Modern society, social media and a large part of the modern yoga culture have created a historically unparalleled landscape of privileged talentless critiques skilled at public shame and blame. A breeding ground for people, like you Remski, who refuse to see the part they play in their own stories, and by doing so further the story in others. You tell us that depression brought you to yoga, which at least explains your identification as the weak, vulnerable, victims you claim to defend. The reality is that you aren't defending others, you are defending your self. And we all are. Yet you somehow claim to have the answers for the weaker folks that buy your counterfeit rationale disguised as wisdom. But not me. I see you little boy. Not good enough, not strong enough, not smart enough. Instead of turning your pain into compassion you have become the very thing you claim to hate - a bully. 

You seem baffled and even jealous by how well I understand my own body. But you fail to see I move freely because I am free. Where, as you move as you are, weak, rigid, trapped, and limited, because you are a fragile, bitter man. Your only safety is in being right, and hearing yourself talk. Any person who identifies with the nonsense you rant about in painfully long self published books and essays, is identifying with your pain and your anger - not your talent.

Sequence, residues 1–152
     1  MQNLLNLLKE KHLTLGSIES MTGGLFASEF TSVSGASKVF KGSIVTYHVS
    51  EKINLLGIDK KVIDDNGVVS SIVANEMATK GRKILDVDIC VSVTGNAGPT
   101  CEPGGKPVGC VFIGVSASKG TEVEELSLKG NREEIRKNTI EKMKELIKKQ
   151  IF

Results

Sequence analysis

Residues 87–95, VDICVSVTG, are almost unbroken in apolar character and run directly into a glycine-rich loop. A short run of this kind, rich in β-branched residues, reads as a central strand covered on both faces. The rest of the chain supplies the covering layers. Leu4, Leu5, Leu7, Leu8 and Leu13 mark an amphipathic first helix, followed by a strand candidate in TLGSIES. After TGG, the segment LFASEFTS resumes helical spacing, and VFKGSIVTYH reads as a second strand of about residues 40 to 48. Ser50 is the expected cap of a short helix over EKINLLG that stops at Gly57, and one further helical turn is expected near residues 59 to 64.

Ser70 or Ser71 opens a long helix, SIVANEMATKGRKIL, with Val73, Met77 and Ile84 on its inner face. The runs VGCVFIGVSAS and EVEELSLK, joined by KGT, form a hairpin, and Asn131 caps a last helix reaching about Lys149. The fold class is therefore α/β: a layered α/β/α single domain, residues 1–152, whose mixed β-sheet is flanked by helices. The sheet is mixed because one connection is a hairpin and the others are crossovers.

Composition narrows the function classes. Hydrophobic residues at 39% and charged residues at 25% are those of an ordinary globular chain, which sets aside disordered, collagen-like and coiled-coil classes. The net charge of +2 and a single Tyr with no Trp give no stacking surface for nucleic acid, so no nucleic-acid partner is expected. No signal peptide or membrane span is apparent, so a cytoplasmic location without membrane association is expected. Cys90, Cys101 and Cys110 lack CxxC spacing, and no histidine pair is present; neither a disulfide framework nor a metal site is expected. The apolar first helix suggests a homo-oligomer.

“Shayne believes that yoga teachers should not be subject to ethical or regulatory restraints that limit free sexual access to their students." Matthew Remski

I agree, and I think you and Donald Trump should build a wall around all the yoga yonis in the world, and save our females from freedom of expression and choice. They’ll be liberated from the burden of having to make adult decisions because they’ll be safely nestled in your pale mushy arms, against your soft man boobs. You suggest we regulate who can date who in a yoga class? You claim we would all be safe if everyone agreed to your moral standards. That strong people like you, will protect other people you label as weak? You wish to set the yoga community standards for safety, creativity, principles and values? What’s clear is that your offer as a strong teacher, to protect the weaker students, is a cleverly disguised arrogant assessment of your diaphanous knowledge. Translation - Vote Remski for Yoga Alliance President.